Lastly, management stated: “We are encouraged by the continued demand in coal markets, and expect supply to remain tight across the globe for some time to come, we believe Alpha is well positioned to ship more coal in 2023”.
In my opinion this guidance is conservative. There are many things that could help them to exceed guidance, like seaborne coal getting stuck at sea again or weather, or LNG plants not getting turned on as quickly as possible. However, I do appreciate management settings expectations and being conservative. Most importantly, management expects to grow, which is not how this stock is being priced, adding to the attractive risk/reward profile.
Management is extremely focused on returning capital to shareholders. The company has increased its dividend for the past 3 consecutive quarters and just paid a one-time special dividend of five dollars per share.
Prior to institution the dividend the firm eliminated their debt. This massively de-risks this company and will allow them to return capital to shareholders.
Additionally, the company is in the middle of a $1 Billion dollar share buyback program and has only completed $452 million as per 10/31/2022 . Yes, you read that correctly, a company with a market capitalization of less than 2.5 Billion, a net cash position, and exploding Free Cash Flow, is buying back 40% of their shares. If that isn’t an attractive risk reward, or the fat pitch you’re waiting for I’m not sure what is.
Below is an excellent slide from their investor presentation highlighting this:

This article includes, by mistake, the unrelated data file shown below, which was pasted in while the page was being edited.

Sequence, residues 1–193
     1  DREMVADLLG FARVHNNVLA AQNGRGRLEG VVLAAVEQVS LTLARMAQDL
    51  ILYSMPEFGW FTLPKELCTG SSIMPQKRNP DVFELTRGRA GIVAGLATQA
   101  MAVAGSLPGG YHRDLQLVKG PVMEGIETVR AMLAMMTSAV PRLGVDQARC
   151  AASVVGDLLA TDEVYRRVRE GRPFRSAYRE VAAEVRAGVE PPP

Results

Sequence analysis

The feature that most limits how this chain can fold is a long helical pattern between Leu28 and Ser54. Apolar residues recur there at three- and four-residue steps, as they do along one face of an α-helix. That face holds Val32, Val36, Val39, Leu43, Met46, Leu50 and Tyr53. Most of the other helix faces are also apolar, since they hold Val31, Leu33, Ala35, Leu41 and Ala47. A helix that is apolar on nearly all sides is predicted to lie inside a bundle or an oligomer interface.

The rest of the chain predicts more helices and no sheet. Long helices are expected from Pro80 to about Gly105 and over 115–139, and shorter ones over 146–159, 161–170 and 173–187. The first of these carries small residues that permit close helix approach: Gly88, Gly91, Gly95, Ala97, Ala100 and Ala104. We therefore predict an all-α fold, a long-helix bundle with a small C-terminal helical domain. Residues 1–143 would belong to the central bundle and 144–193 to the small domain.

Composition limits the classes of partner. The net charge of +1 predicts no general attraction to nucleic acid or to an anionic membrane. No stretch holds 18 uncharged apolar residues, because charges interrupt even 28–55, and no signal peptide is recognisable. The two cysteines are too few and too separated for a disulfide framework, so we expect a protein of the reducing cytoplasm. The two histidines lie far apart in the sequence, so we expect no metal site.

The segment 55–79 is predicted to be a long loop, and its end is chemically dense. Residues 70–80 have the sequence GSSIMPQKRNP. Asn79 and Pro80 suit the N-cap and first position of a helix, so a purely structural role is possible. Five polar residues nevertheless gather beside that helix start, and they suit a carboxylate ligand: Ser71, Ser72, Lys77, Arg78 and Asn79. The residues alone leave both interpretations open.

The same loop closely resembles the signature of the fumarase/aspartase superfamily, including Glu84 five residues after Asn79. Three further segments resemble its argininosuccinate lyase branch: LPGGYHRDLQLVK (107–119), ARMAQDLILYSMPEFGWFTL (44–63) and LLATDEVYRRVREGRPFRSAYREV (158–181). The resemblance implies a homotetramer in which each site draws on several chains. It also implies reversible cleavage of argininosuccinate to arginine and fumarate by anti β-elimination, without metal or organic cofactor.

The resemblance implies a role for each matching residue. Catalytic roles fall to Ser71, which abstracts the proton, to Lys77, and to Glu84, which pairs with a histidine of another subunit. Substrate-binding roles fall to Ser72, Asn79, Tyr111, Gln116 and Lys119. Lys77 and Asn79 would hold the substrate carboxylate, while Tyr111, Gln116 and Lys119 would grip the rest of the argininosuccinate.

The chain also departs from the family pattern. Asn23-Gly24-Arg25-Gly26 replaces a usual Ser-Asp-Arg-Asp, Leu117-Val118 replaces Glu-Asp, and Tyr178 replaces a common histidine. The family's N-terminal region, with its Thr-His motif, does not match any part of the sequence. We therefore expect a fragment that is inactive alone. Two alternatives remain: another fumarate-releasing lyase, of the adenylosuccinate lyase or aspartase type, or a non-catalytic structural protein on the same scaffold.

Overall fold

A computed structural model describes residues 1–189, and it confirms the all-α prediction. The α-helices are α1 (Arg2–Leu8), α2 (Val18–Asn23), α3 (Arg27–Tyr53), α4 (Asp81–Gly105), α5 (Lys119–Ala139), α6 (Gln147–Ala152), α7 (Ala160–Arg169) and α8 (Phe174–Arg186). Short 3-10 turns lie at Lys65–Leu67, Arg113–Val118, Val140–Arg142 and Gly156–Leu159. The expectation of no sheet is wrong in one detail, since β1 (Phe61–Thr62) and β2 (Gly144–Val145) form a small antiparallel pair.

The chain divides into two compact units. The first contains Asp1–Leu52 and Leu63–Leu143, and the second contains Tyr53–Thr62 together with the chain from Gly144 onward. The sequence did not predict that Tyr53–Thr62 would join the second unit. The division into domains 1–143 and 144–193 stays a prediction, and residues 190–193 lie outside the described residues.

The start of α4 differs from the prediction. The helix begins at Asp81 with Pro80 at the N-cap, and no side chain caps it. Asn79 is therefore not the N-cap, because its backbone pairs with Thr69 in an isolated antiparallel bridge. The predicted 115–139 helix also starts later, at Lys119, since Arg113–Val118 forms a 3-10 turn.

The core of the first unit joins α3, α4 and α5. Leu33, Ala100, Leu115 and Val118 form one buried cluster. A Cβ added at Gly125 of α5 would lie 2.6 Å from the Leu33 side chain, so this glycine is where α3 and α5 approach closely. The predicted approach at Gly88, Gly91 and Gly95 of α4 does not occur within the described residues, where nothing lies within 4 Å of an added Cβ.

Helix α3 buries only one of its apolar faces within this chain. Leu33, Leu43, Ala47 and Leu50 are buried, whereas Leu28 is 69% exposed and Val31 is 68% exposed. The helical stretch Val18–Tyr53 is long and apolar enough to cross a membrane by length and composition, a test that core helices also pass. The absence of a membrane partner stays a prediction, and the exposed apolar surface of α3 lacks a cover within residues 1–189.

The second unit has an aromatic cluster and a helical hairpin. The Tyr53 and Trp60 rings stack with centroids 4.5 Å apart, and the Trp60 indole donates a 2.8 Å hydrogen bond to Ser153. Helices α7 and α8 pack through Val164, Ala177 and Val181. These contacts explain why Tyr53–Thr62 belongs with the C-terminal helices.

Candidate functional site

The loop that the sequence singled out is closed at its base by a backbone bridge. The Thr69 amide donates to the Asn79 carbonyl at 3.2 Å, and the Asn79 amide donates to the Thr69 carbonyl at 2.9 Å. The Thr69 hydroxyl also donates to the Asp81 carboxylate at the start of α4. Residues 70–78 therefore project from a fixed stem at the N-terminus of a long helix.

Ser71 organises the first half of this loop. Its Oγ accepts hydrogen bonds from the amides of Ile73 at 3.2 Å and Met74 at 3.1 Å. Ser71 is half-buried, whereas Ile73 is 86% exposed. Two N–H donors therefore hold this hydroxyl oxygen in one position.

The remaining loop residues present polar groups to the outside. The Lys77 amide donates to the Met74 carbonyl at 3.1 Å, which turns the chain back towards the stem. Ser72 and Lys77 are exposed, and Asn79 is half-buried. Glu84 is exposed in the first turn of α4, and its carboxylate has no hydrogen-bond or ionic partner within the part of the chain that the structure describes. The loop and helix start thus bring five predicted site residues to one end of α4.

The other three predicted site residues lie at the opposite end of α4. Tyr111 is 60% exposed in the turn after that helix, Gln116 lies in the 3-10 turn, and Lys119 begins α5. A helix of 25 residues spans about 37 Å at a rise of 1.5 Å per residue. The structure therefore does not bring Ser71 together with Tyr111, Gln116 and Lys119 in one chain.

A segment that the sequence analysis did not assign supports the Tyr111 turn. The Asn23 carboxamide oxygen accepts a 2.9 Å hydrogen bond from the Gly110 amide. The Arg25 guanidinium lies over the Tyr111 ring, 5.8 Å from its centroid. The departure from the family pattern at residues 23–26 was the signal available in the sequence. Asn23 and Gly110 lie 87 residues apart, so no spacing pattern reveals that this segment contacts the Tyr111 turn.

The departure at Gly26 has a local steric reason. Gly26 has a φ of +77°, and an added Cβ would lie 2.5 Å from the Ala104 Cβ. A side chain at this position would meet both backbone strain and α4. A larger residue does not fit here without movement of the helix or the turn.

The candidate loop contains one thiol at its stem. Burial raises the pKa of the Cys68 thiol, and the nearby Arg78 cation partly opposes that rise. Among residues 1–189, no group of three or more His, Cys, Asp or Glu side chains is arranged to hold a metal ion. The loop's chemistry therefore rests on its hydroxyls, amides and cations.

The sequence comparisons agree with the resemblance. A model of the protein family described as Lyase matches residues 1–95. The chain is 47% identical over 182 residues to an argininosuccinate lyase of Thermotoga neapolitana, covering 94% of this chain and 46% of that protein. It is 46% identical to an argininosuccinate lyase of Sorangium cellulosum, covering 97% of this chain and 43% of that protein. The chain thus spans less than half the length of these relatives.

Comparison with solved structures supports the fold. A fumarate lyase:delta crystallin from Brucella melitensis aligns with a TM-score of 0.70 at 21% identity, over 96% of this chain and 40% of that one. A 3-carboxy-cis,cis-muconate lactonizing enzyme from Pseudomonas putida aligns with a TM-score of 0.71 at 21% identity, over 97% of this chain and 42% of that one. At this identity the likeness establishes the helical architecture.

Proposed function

I believe the biggest risks include:
1. Coal prices rapidly decreasing to below cost of $110
- I believe this is unlikely due to coal demand staying high and supply staying low.
2. Geopolitical tensions escalate and there are trade restrictions placed into key markets like China and India.
- I believe this is the biggest risk. If there is a massive global recession and the need for power generation decreases and trade stops AMR would be hurt, but so would all equities.
3.Inflationary costs (mostly labor and supplies) increase and costs go up dramatically.
- It seems like wage inflation is beginning to peak so I think costs are starting to level.
4. Regulatory risk if policy makes more restrictions around coal emissions.
- Given that AMR’s customer base is geographically diverse I don’t see this being an issue for them.
5. ESG investment continues to limit investment in the coal industry.
- In my opinion this is one of the reasons this mispricing exists. It is because large institutions are limited from investing in this industry or don’t want to be seen as supporting this industry.
AMR’s risk/reward proposition is extremely attractive. How often can you get a company trading at 1x earnings expected to do 1.5 Billion in free cash flow in the following year? The risks can easily be offset with all of the positive and conservative expectations for the following year. If the demand for coal stays as is the company is going to eat itself (buyback all shares) within just a few years. Even without any multiple expansion this company could easily double. Using DCF analysis with, in my opinion, conservative assumptions, which include a high WACC, 3.3x EBITDA, and negative growth of FCF we can see that there is 43% upside from shares. The risks can easily be overcome by the cheap valuation, the upside potential, and growth.